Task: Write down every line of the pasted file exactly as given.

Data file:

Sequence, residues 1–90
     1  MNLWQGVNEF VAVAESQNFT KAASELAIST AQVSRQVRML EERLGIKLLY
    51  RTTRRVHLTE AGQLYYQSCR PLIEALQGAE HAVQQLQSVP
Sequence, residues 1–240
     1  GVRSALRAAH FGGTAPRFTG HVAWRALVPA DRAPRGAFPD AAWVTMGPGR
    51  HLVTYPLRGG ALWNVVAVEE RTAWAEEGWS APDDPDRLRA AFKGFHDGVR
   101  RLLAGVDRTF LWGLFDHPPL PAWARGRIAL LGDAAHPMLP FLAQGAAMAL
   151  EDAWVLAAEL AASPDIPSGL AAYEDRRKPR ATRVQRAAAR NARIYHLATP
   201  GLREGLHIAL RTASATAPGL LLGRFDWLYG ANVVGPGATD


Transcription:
Sequence, residues 1–90
     1  MNLWQGVNEF VAVAESQNFT KAASELAIST AQVSRQVRML EERLGIKLLY
    51  RTTRRVHLTE AGQLYYQSCR PLIEALQGAE HAVQQLQSVP
Sequence, residues 1–240
     1  GVRSALRAAH FGGTAPRFTG HVAWRALVPA DRAPRGAFPD AAWVTMGPGR
    51  HLVTYPLRGG ALWNVVAVEE RTAWAEEGWS APDDPDRLRA AFKGFHDGVR
   101  RLLAGVDRTF LWGLFDHPPL PAWARGRIAL LGDAAHPMLP FLAQGAAMAL
   151  EDAWVLAAEL AASPDIPSGL AAYEDRRKPR ATRVQRAAAR NARIYHLATP
   201  GLREGLHIAL RTASATAPGL LLGRFDWLYG ANVVGPGATD